My 29 July 2013 review and update...it seems that since I originally wrote this on 28 May, the current position of the expedition hasn't changed much. Most significantly, on 18 June, they officially announced that the polar crossing had been halted--they would stay put for the rest of the winter and concentrate on their science and outreach efforts...and return to Crown Bay (or somewhere else on the coast) in the spring to reload their equipment and head north (the blog post of the announcement and the press release). (The expedition press release site is here).
Given all of the delays and difficulties, I somewhat expected this announcement, although I hoped otherwise. They cited the excessive fuel consumption and the fact that they hadn't made it out of the crevasse field during daylight (as I mentioned below). So...the short-term result is that the five expeditioners celebrated Midwinter's Day at their own dining table in the living caboose (as seen at left in their midwinter greeting) instead of anywhere near the festivities that friends of mine at Pole put on.
I have been following the Coldest Journey expedition (crossing Antarctica in the winter) since it was first announced...after all I met (and had beers with) organizer Ran Fiennes in Los Angeles in 1981, not long after he'd completed his 1980-81 first crossing of the continent on snowmobiles...he is an amazing guy. After unloading at Crown Bay on the coast (70º 04' 17"S - 23º 01' 01" E, information from their web site) between Novolazarevskaya and Princess Elisabeth Station, they set out to establish a fuel depot on the Antarctic plateau. During this operation, Ran was medevaced for frostbite while adjusting a ski binding. during the preliminary phase, The remaining 5 members of the expedition made their final departure on 21 March, with hopes of reaching Pole on 13 June, about a week before Midwinters Day.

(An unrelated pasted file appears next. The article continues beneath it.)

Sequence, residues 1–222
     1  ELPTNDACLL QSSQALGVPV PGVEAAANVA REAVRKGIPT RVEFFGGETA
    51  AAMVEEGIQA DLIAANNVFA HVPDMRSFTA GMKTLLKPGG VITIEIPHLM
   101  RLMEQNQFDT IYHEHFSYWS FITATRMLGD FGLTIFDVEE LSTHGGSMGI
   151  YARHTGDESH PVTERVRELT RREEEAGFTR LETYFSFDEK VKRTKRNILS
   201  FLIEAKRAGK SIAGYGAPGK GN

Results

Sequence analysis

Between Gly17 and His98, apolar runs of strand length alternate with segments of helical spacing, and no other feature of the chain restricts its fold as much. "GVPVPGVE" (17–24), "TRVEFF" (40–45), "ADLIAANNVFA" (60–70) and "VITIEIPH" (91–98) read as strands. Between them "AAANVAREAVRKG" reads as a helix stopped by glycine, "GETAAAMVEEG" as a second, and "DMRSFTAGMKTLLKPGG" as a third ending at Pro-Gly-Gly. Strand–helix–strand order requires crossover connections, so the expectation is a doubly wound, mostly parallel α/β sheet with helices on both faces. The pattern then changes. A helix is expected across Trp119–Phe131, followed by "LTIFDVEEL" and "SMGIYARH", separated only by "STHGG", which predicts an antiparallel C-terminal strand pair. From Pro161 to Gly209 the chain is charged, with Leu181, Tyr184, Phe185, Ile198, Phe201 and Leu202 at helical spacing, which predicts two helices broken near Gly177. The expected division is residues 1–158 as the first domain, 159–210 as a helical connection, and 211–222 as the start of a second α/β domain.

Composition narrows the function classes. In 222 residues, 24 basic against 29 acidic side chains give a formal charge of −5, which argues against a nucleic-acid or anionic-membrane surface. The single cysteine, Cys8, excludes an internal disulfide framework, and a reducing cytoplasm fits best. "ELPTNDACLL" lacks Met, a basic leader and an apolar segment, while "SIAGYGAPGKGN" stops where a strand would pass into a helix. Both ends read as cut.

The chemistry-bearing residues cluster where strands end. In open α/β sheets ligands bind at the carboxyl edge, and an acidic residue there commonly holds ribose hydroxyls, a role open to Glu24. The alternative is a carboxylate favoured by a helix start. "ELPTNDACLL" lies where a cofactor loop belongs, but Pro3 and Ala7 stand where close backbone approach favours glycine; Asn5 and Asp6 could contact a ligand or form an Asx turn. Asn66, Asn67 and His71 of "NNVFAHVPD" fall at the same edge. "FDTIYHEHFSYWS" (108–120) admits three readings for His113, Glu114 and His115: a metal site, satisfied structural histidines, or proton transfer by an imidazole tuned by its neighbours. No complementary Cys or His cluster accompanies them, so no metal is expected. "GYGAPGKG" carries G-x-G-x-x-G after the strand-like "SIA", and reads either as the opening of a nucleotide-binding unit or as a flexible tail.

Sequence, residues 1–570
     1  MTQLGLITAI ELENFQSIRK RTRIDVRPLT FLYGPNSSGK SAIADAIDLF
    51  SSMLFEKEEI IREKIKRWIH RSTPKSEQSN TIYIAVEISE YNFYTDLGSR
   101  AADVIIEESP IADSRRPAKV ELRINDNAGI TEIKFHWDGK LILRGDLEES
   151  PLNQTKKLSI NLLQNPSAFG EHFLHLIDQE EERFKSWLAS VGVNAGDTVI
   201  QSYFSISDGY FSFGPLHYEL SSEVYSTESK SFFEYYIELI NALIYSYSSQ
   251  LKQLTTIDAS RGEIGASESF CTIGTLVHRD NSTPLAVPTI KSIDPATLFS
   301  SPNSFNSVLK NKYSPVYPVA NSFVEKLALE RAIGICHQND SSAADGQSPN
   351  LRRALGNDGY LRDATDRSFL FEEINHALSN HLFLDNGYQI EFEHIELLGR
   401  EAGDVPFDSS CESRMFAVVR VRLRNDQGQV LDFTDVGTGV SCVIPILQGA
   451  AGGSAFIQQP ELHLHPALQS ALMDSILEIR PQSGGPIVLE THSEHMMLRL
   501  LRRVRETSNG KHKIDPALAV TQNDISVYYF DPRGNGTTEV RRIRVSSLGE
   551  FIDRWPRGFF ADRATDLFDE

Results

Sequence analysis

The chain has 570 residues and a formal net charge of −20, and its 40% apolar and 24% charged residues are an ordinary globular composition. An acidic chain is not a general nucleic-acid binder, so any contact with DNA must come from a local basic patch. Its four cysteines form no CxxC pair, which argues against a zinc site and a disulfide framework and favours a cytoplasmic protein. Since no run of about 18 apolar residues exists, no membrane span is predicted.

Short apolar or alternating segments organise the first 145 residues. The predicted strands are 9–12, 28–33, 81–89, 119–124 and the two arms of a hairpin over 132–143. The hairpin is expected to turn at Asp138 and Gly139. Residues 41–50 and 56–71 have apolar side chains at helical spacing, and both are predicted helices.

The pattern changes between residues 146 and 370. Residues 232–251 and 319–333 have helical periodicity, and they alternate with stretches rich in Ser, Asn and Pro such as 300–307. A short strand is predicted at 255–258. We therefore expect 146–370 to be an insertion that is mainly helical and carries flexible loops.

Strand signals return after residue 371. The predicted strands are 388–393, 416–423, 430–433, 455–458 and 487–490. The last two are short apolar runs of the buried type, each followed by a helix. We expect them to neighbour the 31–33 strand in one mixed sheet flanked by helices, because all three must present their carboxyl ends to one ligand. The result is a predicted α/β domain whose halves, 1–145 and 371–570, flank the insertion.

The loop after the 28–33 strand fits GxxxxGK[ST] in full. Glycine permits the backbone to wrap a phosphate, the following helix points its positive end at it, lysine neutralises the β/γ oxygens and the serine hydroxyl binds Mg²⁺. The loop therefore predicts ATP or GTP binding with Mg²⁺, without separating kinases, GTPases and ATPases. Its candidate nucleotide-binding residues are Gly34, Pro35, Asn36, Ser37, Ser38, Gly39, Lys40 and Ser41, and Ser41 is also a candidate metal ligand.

The original plan (from their web site): Distance from Crown Bay to Pole: 2,223 km/1,381 statute miles.
Departure: 21 March; Travel time: 84 days; Arrival: 13 June.
But they never got anywhere near Pole. Instead, their position (as of 24 May, from which they haven't moved much at all) is 72º 54' 16.4"S/23º 35' 16.7"E. The problem...they were still mired in a major crevasse field, which they'd hoped to escape while there was still some daylight so they could see the hazards visually.
So what's happened? The major portion of their route to Pole was supposed to be along the Arctic Trucks' surveyed, (apparently) crevasse-free, and oft-traveled route from Novolazarevskaya (Novo) to Pole, along the 11ºE meridian...and the Coldest Journey team consulted with the Arctic Trucks folks about GPR use as well as about the route. Unfortunately...the intersecting route from Crown Bay (23ºE) to the proven track has proven much more problematic than expected.
I don't know all of the details, and I had trouble with their math, so all of this is approximate. But...attempting to plot their travel route...if they'd started heading from their current position toward the 11ºE meridian (aiming for, say, about 77º 45'S-11ºE) they would have had about 2231 km/1385 miles to go to reach Pole...essentially the same distance as their original plan...actually 2,223 km/1,381 miles is approximately the great circle distance from Crown Bay to Pole...hence my confusion.
So...was the journey in trouble? Well, yes. At least they never suffered any serious crevasse events, so now that they've called off the trip, they should be able to retrace their path to the coast to embark their vessel. I'd hoped that they'd be able to escape the crevasse field after getting their GPR working, and reach their planned route. Needless to say...knowing John Wright and other USAP traverse folks, they would have had no problems on the portion of the route from Pole to McMurdo.